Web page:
(2) The wife had not established on the evidence so that the court was sure (beyond reasonable doubt) that the husband had the means to pay the school fees and that he had wilfully refused to pay. The ground relating to school fees was therefore dismissed. Equally, it was not the case that the husband could be in breach only if the wife incurred a financial liability. The wife had been entitled to amend her notice to rely on the failure of the husband to pay the school fees in good time and on the subsequent entry of a judgment against the wife and the seizure of her car as evidencing a breach of that undertaking to indemnify (see [12], [58], below).

(3) The husband had admitted he was in contempt of court in relation to disclosure. However, these breaches were not sufficiently serious to warrant immediate committal to prison or suspended committal. They were sufficiently serious to warrant a financial penalty but the court was unable to determine whether the respondent was in a position to pay such a penalty. By November, a financial remedy application was due to be heard, and a clearer picture as to the husband’s finances might emerge then. Sentence was therefore adjourned to await developments in that hearing (see [1], [13], below).

(4) Taken together, FPR 37.92 and PD 37A 2.1 and 2.2 did not impose a mandatory obligation in respect of an undertaking contained in an order to include a warning as to consequences or a statement signed by the person giving the undertaking that they understood the terms of the undertaking and the penal consequences of non-compliance. (No doubt as a matter of good practice and certainly if the new standard family orders were used, any order would contain both the penal notice as to orders and the warning as to undertakings.) (see [46], below).

(5) The court did not accept the husband’s argument that the evidence made it clear that the issuing of the enforcement application alongside the committal had been entirely strategic and thus potentially an abuse of process. In any event, the court did not consider that Mohan v Mohan [2014] 1 FLR 717 was authority for the proposition that, if an application was entirely strategic, the consequences were strikeout. Even if a court concluded that an enforcement application had been a purely strategic move, the consequences were to be dealt with on a case-by-case basis, applying the overriding objective and in particular doing justice and achieving fairness between the parties. In this case none of the remaining grounds were affected by any evidence that might have arisen as a result of the tandem process and no unfairness arose out of the tandem approach adopted in this case. Nor did the court accept the premise of the husband’s argument concerning the hearing of non-disclosure and non-payment allegations alongside each other. There was an allegation in this case of a failure to disclose material prior to September 2017. The fact that the husband had subsequently produced the evidence in relation to that order, which might go to mitigation if the breach was proved, did not make that evidence inadmissible. Applying Mohan, evidence which was produced in answer to orders which predated the committal application was admissible in any event, as was documentary evidence in the form of bank statements or other documents which had an independent existence, even if produced as a result of the enforcement and committal tandem processes. It appeared relatively common from the authorities for applications for committal for non-payment and applications for committal for failure to disclose to be heard in tandem. The husband had not substantiated his abuse of process argument (see [47]–[49], below).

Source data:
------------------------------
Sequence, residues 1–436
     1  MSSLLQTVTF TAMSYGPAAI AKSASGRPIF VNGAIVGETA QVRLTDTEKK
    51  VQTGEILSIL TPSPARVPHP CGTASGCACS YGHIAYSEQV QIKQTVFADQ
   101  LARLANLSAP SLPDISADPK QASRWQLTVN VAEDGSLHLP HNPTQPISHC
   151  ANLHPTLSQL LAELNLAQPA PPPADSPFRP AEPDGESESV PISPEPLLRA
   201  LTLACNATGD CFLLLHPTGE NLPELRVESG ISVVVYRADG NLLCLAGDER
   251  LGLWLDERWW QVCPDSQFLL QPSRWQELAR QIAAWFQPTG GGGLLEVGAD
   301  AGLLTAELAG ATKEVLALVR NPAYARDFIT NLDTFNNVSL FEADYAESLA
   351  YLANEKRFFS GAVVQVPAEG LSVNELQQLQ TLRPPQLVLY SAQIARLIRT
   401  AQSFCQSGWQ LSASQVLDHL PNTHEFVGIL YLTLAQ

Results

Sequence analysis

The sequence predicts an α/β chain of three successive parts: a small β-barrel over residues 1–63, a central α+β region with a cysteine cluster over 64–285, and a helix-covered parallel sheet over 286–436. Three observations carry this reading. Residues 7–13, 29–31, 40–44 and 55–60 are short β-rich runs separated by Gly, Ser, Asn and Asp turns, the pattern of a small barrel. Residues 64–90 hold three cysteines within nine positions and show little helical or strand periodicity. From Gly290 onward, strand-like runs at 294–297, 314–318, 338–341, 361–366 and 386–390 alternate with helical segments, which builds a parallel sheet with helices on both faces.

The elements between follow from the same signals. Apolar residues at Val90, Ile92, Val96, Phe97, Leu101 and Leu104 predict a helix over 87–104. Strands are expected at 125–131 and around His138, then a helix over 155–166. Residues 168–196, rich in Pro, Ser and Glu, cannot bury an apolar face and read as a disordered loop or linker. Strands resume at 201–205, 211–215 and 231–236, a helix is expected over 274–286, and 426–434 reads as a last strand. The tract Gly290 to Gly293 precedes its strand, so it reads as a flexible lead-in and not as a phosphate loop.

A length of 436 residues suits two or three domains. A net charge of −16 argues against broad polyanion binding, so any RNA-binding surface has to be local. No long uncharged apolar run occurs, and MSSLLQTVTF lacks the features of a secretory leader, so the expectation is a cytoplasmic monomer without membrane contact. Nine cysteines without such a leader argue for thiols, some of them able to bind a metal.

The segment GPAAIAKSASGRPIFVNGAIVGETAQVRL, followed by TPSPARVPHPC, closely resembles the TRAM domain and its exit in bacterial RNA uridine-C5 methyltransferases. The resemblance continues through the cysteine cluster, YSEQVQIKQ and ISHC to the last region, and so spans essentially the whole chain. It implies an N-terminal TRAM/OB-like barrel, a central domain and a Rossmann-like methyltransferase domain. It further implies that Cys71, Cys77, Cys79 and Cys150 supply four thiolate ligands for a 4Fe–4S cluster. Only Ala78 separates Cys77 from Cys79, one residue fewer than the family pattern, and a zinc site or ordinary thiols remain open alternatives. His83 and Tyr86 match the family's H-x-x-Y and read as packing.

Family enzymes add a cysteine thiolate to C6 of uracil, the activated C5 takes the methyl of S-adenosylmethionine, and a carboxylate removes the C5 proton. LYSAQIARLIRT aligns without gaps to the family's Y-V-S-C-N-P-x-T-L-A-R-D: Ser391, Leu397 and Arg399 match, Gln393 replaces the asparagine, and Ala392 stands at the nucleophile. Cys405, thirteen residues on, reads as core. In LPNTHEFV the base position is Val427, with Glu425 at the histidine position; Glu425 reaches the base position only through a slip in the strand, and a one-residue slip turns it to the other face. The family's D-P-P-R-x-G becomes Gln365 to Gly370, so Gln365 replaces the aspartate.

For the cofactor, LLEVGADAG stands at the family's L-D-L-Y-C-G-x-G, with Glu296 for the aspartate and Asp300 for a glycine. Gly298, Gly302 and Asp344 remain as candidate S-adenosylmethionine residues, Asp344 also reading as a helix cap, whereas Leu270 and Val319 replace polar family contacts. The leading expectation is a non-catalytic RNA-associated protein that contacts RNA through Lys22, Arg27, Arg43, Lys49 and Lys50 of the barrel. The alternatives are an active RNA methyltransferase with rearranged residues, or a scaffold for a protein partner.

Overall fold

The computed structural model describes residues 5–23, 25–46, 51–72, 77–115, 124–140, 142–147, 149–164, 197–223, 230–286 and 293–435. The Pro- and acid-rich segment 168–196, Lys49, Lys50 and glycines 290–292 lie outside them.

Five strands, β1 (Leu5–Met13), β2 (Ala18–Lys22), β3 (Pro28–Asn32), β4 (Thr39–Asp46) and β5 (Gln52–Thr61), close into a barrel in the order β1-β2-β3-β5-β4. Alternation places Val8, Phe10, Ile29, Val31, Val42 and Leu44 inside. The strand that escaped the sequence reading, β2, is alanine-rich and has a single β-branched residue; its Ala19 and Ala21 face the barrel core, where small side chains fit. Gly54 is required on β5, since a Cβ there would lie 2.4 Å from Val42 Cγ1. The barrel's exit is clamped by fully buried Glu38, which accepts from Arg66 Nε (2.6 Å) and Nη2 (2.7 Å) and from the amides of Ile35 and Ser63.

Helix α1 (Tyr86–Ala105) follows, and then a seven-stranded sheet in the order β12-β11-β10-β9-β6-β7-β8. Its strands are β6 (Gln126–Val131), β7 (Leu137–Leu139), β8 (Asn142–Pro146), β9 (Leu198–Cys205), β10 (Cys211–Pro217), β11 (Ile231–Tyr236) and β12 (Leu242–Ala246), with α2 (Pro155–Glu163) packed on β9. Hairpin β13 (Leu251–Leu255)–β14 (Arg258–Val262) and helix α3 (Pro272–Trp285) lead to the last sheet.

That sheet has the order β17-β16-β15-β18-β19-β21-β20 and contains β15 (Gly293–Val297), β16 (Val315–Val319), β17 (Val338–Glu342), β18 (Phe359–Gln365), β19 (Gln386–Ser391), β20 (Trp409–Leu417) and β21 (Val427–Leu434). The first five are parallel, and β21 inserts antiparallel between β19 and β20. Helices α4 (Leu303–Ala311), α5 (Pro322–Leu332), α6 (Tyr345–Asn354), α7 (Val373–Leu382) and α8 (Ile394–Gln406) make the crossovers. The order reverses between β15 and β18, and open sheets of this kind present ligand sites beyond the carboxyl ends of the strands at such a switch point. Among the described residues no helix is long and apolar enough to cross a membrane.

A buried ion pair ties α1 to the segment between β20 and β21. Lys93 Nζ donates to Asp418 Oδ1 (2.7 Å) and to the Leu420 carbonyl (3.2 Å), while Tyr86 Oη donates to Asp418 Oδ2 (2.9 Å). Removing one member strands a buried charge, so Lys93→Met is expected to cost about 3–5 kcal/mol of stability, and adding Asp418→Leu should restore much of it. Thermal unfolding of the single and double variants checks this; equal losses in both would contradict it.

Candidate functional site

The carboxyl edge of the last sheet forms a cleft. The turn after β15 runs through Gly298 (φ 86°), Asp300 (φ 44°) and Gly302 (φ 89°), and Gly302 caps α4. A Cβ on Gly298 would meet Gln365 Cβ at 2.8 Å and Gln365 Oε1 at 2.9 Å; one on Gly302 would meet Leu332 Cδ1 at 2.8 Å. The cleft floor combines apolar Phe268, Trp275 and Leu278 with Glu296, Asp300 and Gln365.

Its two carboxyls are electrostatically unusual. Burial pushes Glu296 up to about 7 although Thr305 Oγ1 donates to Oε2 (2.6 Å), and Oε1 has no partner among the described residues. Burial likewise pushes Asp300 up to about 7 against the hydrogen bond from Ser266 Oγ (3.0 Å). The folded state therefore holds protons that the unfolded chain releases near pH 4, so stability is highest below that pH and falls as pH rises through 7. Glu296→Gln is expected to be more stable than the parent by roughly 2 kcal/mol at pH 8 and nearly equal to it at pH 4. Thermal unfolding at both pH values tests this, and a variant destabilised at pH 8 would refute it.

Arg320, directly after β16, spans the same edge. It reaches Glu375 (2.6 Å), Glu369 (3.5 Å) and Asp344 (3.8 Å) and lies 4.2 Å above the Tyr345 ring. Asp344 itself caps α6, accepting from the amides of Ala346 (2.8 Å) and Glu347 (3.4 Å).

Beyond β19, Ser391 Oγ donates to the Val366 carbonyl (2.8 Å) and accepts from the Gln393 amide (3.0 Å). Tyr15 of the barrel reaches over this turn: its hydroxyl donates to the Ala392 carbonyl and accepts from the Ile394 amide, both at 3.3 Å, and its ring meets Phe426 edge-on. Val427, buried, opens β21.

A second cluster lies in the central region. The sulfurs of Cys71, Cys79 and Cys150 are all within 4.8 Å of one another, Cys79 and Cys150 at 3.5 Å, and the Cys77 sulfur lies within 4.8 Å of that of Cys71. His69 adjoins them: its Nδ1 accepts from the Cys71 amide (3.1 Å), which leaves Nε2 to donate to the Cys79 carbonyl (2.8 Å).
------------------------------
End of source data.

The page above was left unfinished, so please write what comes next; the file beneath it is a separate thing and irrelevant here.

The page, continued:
(6) However, the combined effect of the statute and the procedure identified a clear route for enforcing money orders, which was by judgment summons rather than committal. Although the court had the general power to waive defects in compliance with the procedural rules if no injustice was caused, in respect of a wholesale failure to comply, based on a deliberate choice not to pursue the correct course, it would be unjust to treat a committal application as a judgment summons application. In particular there was a difference between the six-week penalty available in respect of a judgment summons and the two-year penalty which arose in committal. As a matter not only of justice between the parties, but also to uphold the need for compliance with the procedural code and the statutes, the court would not permit the wife to treat the committal application concerning the ‘deal’ as a judgment summons (see [50], below).

(7) In any event the 2014 undertaking concerning the ‘deal’ was...